The Magical Powers of Classical Music

The Magical Powers of Classical Music

In this fast paced world we live in that seems to be getting more and more hectic, we are bombarded with advice to prioritise some self care to help re-charge our batteries and de-frazzle.

This can mean different things to different people, from putting away the iPad, stepping away from the laptop and our social media feeds, a hot bath, a catch up with a friend, or our favourite magazine. 

Mindfulness and mediation apps aim to help us de-clutter our brains to try and achieve a whole new level of calm, but could the thing that really helps us achieve a blissful zen like state actually have been around hundreds of years? Classical music or even simply orchestral music if you prefer, as well as sounding out of this world beautiful, could have magical powers all of its own.

The thought that composers such as Mozart could create their beautiful music all in their heads without the help of modern day computer programmes to assist them might very well blow your brain, but taking the time to sit and listen to their creations is the very thing that will calm it. 

So if the crescendos and diminuendos of classical music are helping us all unwind…, what could it be doing for our children? The answer, it seems is a lot. 

I spoke to top Psychologist and Broadcaster, Emma Kenny, who told me that “Music isn’t simply something that is nice to listen to, it’s a form of connection that can change the way we feel. It has long been known that the brain responds acutely to musical stimulation and this is why children can benefit from musical experiences. Classical music has been proven to relax children stimulating their minds positively allowing them to escape to the realms of their imagination, the very place that creativity is borne.”

Personally, singing has been my life, I feel very lucky that singing is also my profession. I made chart history with my first album ‘Stars Are Rising’ by becoming the first independent artist to reach No.1 in the Official Classical Chart with a debut album. Making that debut was an experience which helped me see the true blissful effect music has on people, as wonderful fans across the globe took the time to share with me not only the joy they had listening to it but also how, where and when they were listening. Some in the car, some whilst working, some even in bed, but all found very relaxing and enjoyable! This was then the first learning I took from that album to help me prepare for number 2. With that feedback and the scientific confirmation that it's a developmental aid for children, I was ready to plan for my sophomore record.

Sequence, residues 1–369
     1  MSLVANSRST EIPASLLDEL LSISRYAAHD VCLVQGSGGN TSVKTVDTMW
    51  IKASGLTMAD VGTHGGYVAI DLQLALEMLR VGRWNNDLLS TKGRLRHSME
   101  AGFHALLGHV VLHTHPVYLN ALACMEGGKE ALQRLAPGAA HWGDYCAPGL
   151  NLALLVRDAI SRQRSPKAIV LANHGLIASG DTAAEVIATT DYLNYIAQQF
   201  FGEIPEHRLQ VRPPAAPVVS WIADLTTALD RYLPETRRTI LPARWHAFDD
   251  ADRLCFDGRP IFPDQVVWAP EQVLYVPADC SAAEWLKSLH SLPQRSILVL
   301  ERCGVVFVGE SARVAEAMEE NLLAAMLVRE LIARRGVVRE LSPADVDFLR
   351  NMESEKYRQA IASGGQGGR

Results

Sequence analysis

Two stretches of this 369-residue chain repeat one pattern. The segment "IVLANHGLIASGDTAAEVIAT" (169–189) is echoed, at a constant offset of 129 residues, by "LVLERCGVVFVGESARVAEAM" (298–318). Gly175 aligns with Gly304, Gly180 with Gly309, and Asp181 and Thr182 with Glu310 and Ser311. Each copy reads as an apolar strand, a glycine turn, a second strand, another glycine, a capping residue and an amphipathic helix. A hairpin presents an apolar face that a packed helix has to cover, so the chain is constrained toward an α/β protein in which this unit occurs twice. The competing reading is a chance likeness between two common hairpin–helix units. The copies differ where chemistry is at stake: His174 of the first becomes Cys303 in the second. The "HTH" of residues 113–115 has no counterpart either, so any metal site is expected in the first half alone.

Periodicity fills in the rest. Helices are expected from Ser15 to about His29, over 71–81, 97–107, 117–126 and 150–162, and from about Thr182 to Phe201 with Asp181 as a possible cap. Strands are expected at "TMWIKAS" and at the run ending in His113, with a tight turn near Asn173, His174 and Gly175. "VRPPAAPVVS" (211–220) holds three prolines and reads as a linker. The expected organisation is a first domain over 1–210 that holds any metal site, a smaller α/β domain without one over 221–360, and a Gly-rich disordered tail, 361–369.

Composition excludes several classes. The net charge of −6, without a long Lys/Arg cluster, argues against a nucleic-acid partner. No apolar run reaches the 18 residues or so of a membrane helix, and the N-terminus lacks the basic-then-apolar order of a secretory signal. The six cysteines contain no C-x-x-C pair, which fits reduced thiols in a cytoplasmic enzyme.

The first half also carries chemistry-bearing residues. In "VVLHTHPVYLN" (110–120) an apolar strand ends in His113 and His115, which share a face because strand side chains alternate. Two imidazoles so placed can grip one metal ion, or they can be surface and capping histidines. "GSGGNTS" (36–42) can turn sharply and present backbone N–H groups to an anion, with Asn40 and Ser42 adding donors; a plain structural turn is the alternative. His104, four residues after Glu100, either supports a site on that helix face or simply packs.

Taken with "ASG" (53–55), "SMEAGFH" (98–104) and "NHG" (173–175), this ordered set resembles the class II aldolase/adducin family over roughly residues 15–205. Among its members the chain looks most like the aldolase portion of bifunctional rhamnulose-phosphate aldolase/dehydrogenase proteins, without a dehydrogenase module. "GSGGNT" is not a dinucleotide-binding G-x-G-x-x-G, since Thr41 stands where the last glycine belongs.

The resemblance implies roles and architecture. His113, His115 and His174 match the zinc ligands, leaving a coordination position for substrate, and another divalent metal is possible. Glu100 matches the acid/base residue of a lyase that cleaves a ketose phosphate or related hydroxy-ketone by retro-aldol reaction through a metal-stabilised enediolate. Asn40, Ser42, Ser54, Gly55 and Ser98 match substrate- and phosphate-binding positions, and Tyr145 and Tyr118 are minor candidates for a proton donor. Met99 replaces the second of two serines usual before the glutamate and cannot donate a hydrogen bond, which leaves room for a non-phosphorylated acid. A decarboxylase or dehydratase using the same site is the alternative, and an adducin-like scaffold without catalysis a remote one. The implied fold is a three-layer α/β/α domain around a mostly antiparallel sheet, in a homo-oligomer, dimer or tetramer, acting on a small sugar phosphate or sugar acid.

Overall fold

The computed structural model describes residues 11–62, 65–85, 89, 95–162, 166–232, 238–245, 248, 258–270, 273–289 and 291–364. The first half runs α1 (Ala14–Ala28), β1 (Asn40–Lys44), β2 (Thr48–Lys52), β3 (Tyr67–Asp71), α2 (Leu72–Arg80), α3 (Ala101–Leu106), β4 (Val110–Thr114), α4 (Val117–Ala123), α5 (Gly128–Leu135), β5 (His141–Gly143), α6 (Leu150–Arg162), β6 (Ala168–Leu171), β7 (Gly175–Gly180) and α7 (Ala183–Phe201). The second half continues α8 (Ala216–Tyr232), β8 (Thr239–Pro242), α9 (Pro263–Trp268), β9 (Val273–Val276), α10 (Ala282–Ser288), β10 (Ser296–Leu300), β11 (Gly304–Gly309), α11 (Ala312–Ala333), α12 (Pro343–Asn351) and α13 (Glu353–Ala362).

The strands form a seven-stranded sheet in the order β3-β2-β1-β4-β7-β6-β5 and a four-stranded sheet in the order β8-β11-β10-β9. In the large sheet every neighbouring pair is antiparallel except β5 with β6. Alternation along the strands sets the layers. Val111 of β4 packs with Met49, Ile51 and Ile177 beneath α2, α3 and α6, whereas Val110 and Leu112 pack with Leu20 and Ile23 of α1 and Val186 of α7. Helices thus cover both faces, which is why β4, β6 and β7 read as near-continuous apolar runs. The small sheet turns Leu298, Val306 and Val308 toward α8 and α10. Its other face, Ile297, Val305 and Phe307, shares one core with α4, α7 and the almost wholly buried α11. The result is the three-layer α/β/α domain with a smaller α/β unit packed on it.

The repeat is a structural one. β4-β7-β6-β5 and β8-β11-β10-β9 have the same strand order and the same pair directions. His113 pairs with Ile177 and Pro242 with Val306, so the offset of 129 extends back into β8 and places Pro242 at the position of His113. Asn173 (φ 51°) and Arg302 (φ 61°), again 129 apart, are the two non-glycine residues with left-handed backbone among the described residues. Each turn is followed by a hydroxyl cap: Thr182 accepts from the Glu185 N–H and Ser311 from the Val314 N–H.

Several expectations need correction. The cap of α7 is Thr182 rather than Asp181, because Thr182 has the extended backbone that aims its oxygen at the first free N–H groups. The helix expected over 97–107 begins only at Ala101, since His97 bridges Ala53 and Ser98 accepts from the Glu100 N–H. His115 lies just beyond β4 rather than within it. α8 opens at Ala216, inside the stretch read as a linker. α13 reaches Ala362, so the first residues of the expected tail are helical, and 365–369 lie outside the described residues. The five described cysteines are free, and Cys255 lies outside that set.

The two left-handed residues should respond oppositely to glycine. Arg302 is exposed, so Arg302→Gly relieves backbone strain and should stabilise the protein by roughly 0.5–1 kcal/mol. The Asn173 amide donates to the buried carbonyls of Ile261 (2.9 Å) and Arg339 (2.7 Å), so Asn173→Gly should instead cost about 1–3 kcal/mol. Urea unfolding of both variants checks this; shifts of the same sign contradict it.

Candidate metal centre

‘The Rhythm of Life' is A concept album where each track represents an hour in the day of the life of a child. We recorded it in London’s famous Angel Studios with The Arts Symphonic Orchestra. I wanted to create a musical adventure for the whole family, and as one of the songs on the album says, "I'd like to teach the world to sing", I am therefore striving to achieve that, a bonus would be if children want to get involved and sing too. 

Teaming up with Kids TV legend Andy Day as a special guest on the album seemed like the perfect fit, duetting with Andy’s favourite song of all time ’Let’s Go Fly A Kite’ from Mary Poppins, Andy told me ‘it’s so important to inspire all kinds of music to our young audience”

Animator Gary Andrews brought all the tracks life for me with a lovingly drawn doodle for each of the songs and Britain's Got Talent mega star Paul Potts also features on the album. Paul feels that "Music is a very powerful medium that transcends borders, class, language and time"

Music is the back drop of our lives, it can bring memories back to life transporting us to a moment in time, and I feel with this album being able to shape a family memory is really so special. One of my earliest musical memories is sitting in the back of my parents' car, listening to "Sparky's Magic Piano" on the radio, loving the music and daydreaming what was happening in the story. Whenever I hear a vocoder now, which sadly is much less these days unless ELO comes up on my playlist, I am instantly transported into the back of my Dad's Silver Austin Metro with it's wind down windows, rickety gear stick and the sound of laughter on a fun day out. 

Making it a habit to have Classical music on around the house, or on car journeys as part of your everyday life will switch something on inside your child whilst unleashing their imaginations to the max. If as a result, a child then wants to learn a musical instrument or start singing at the top of their lungs then gold stars all round. 

Let’s remember to point out music to children when they are enjoying classical music without even realising it; maybe it’s in the background of a film they are enjoying or even a beautiful composition that ends up on a video game they can't put down (thanks Mario). 

So when we are next confronted with a frazzled anxious child, take a deep breath, crank up Scala Radio, Classic FM or even BBC Radio 3 and trust in the magic of music. 


‘The Rhythm of Life’ released in time for Mother Day on March 22nd. 

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